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Transcript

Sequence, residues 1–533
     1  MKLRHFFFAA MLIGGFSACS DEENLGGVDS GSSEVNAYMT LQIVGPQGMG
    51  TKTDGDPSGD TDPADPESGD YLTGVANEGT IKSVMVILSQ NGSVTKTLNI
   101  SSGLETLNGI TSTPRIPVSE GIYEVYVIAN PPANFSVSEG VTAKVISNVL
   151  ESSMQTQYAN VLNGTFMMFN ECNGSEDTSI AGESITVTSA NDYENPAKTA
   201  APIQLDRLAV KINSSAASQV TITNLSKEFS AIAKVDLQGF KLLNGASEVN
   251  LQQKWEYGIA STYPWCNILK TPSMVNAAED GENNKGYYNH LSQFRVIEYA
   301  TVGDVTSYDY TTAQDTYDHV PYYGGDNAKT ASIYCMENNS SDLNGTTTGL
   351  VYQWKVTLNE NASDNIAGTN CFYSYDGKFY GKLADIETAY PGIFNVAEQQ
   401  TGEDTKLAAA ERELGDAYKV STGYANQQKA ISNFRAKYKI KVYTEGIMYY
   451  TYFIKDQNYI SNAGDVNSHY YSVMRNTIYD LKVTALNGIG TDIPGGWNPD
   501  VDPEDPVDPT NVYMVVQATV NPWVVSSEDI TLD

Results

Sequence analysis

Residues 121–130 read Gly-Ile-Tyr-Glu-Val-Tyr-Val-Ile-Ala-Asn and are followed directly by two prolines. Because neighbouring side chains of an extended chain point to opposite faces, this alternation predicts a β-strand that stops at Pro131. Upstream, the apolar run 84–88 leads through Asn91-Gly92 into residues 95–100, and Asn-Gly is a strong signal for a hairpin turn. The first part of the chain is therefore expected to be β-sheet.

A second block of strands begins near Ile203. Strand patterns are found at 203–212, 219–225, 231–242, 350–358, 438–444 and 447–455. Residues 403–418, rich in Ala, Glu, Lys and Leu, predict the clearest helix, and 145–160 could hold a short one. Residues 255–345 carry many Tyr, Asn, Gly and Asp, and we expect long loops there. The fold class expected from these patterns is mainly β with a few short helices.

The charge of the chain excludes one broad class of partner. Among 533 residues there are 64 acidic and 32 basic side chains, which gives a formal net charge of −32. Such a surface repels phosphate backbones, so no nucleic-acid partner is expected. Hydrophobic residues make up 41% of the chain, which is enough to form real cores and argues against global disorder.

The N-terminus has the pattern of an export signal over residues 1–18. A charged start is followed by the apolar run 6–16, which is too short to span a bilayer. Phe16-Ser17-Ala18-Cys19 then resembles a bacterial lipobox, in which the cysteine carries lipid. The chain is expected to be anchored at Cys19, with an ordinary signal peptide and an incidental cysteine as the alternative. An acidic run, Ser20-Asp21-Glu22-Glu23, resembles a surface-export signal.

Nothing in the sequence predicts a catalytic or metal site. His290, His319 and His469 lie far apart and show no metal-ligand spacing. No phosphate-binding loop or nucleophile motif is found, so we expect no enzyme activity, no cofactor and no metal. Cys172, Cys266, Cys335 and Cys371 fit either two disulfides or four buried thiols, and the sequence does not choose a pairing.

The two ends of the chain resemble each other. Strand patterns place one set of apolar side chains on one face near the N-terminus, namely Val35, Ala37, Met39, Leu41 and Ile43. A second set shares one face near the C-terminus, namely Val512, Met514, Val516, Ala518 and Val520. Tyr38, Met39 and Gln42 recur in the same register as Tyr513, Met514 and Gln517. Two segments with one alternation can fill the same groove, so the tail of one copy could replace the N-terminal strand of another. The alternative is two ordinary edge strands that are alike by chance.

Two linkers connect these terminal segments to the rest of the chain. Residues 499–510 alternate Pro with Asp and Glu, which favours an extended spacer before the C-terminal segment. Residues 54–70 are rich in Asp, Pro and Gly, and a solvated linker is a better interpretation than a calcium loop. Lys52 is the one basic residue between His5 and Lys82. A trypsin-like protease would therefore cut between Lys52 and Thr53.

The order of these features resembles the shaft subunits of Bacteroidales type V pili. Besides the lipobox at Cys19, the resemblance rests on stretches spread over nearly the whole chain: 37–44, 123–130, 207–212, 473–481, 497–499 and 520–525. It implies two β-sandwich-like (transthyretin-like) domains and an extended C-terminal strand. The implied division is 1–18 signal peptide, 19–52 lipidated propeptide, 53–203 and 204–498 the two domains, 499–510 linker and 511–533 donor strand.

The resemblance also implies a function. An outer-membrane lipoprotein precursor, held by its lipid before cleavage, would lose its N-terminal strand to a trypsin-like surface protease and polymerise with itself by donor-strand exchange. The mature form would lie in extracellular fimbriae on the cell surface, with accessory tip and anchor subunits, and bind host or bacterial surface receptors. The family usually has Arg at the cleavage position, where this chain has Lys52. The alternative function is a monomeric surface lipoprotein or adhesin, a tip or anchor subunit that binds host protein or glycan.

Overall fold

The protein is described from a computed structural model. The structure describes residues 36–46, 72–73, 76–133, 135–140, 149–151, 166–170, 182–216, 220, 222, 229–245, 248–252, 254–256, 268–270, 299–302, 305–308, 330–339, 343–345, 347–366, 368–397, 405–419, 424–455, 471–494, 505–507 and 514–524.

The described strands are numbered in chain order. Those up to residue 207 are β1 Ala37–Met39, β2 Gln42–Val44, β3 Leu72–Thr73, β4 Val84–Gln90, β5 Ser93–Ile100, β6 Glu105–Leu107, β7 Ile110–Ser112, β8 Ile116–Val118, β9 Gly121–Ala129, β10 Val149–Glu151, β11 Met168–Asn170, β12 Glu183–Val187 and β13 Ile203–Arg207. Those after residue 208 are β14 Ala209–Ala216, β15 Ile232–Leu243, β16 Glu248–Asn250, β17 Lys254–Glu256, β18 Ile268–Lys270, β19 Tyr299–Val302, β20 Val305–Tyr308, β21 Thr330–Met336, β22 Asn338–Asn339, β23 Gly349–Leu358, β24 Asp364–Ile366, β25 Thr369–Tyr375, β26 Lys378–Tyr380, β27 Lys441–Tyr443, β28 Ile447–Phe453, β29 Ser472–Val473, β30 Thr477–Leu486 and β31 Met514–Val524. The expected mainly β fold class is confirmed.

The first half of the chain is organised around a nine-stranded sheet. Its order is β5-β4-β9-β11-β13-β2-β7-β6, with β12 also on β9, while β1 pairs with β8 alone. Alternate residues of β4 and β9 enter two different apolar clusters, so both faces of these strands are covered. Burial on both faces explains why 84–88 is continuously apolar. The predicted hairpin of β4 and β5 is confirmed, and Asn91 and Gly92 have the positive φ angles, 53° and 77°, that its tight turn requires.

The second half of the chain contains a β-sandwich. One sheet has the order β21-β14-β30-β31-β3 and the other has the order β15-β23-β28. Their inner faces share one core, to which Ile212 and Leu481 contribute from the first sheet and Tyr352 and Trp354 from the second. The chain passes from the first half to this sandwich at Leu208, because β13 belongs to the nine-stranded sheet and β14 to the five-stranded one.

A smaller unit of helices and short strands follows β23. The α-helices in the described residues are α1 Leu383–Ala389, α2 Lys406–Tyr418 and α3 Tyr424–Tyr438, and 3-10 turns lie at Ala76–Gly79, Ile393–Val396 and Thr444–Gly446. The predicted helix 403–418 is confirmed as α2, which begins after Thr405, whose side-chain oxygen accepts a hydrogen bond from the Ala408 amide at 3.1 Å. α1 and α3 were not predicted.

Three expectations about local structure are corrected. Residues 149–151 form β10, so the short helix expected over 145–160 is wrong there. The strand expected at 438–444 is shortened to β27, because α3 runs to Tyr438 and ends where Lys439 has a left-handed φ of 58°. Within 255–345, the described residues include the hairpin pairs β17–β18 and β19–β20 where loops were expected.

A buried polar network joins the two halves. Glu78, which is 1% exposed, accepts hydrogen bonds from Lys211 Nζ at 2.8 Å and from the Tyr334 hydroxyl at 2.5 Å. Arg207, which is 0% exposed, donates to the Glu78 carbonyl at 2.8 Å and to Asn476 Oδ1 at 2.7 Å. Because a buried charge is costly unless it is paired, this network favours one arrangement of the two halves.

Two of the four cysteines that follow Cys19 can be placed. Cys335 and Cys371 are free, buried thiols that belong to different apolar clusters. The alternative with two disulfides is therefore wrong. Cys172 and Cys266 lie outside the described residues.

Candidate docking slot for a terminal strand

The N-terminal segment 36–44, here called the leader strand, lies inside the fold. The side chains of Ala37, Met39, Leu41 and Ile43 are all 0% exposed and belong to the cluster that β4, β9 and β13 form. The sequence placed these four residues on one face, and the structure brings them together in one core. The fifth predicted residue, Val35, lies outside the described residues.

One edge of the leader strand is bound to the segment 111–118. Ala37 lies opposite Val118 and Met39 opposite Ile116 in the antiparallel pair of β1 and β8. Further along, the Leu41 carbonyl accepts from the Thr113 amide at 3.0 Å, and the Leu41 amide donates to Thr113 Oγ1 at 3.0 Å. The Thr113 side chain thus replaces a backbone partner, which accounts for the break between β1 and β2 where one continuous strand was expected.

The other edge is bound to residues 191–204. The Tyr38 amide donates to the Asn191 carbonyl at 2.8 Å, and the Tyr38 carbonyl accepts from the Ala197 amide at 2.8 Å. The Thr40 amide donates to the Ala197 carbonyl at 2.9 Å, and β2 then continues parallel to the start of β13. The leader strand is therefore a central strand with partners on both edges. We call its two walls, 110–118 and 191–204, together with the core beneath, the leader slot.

Nano-technology and Nano-electronics Department of Electrical and Computer Engineering, University of Tehran Measurement in Nano • • • • • • • • • • Electron microscopes, diffraction, Transmission electron microscopes, Scanning electron microscopes, Tunneling microscopes, Scanning positioning microscopes, Atomic force microscopy, Optical microscopes, Dark field phase microscopes, Depth of focus, poor for electron microscopes, Small apertures, loss of electron beam First TEM • Ruska and Knoll, 1930! Fundamental of TEM Diffraction of electrons • Matter-wave nature of electrons, • λ=h/p where – h: Planck’s constant – p: momentum, (mv) – λ:wavelength of electrons, • E=1/2 (m0v2) or – λ= h/(2m0eV)0.5 • or λ= h/[2m0eV(1+eV/(2m0c2))]0.5 Relativistic effects • V: accelerating voltage, non-relativistic – 100kV 0.0038nm, – 200kV 0.0035nm – 400kV 0.0023nm • Relativistic wavelength – 200kV 0.0033nm, 2*108m/s – 400kV 0.0016, 2.5*108m/s – Increase in mass m/m0= 1.78 • High speeds, close to speed of light • Microscopes with ultra-high resolution, V=1MV!! Various effects Electron scattering • Interaction of electron with a single isolated atom, • Scattering angle (θ) small • Solid angle, , steradian(sr) • σ=πr2 , cross-section, • d=2πsinθ dθ • dσ/d = 1/(2πsinθ) dσ/dθ – Differential cross section • σ=πrelast2 , relast = Ze/Vθ • σt= σelas + σ inelas Diffraction of light • • • • • The scattered waves are in-phase when the path difference is a nλ L=d sinθ, d: spacing of slits Detector is placed far away at angle of θ Two wavelets traveling in direction (r) are out of phase by 2πL/λ This difference is called a “phasor” Diffraction patterns • Five-slit aperture, • If phasors are 360/5 (o) apart, the resultant vector is zeromagnitude. • Second zero happens at 144o, etc. Finite width slit Airy diffraction • Visible light diffraction produced by 0.5mm diameter circular aperture, • Airy rings: resulted from diffraction from small aperture. Angles in TEM scattering • Coulomb scattering from atoms and electrons, • Higher energy electrons, less scattering, • r=Ze/Vθ • Smaller distances, more scattering • Higher energies, less scattering Wave scattering • Two waves traveling, incident and scattered. • Incident wave, Ψi(r)=exp(iKIr), • Incident wave could be set at Z-axis • Reflected (scattered) wave: Ψsc(r)= Ψ0 f(θ)/r exp(ikr) • Summation of both waves must be valid in SE. • Ψt(r)= Ψ0{exp(iKIr) +if(θ)/r exp(ikr)} Atomic factor • |f(θ)|2= dσ(θ)/d • dσ(θ)/d =e4Z2/(16E02sin4θ/2) • Where E0 in eV, is the incident energy of electrons • dσ(θ)/d λ4Z2/(64π4a02(sin2θ/2 + θ02/2)2) • a0=h2ε/(πm0e2), Bohr radius, around 0.5Ǻ • θ0 describes the electron-electron scattering, about 2 degrees, • When θ bigger than θ0 nuclear scattering is dominant. diffraction • Diffraction of waves in terms of reflection of a plane wave at an angle of “theta”. • The path difference is AB+BC, • Under Brag condition this path difference is a multiple of wavelength. Brag diffraction • K in this image is the same as “g” in other notations. Real image, diffraction Diffraction patterns • Single crystals, regular patterns, • Poly-crystals, dotted pattern • Many-crystals, rings TEM in Electronics • Top: TEM image of 500nm, silicon epitaxy, the bending lines are evident • Right: image of small transistors Ewald sphere • Reciprocal Lattice, Condition: Exp(iK.R)=1 • K.R=2nπ, R: translation vector, K defines the RL. • FCC BCC, SCSC • Incident beam, k=1/λ • Smaller λ, larger radius, • Brag conditions, ki-kd=g • “g” a vector in reciprocal lattice. Finite specimen • Extinction error (s) or deviation parameter. • Diffraction occurs even without Brag’s condition • When ki-kd=g+s, the intensity of the diffraction spots depends on the value of “s”. Finite thickness • Kinetic theory, specimen thickness is split into slices of atomic foils. • Diffraction from solid is the summation of all slices. • Similar to diffraction from slit with a limited width, • Ig(s)=(π/ξg)2 (sin(πts)/πs)2 where ξg is the extinction distance. – Ig is the intensity of the diffracted beam. • Thinner specimens, more deviation from an ideal crystal or Brag diffraction • More chance of electron penetration through the specimen to measure the diffracted beam Diffraction patterns • Diffraction patterns of silicon along 110 direction. • By increasing the sample thickness, DP becomes hazier. Images Convergent beam Image formation Energy losses AES • Auger electron, secondary electron • Emission from L:shell • Characteristics of the material. • High adsorption • Surface effect Inelastic scatterings • Phonon, lattice vibration, • High Z atomic systems • Mean free path, 350nm • Hamper diffraction patterns, • Cooling the specimen for better imaging. • Plasmon, longitudinal electron wave • Resulted from impact of high energy electrons, • Similar to acoustic waves • Electron gas in highly conductive metals, • Mean free path about 100nm Cathedoluminescence • Incident electron leads to a promotion of electrons from V.B to C.B. • The return on this electron leads to a bandto-band recombination. • For a direct gap semiconductor, a radiative recombination is observed. • Photons with the value of the B.G. are emitted. Electron guns in TEM • Tungsten hair-pin tip: easy to use, • Low vacuum conditions, high temperature operation, • Thermionic emission, • Low current Crystalline sources • LaB6 crystal sources. • Undersaturated emission, mostly from corners, • Saturated, a uniform and coherent emission. Field-Emission guns • • • • Coherent and high current density Two anodes to extract and converge the beam. Need for ultra-high vacuum technologies, Applications in SEM. Various definitions • Depth of focus: depth of sharpness in the image plane, • Depth of field: depth of sharpness in the object space • αim=dim/Dim • βob=dob/Dob • It can be shown that: Dim=dob/ βob MT2 TEM images of nanoparticles • TEM of nickel particles on silicon oxide • (a) Bright field image, (b) Diff. pattern • (c) aperture filtered, (d) improved aperture • (e) processed image, (f) oxide layer.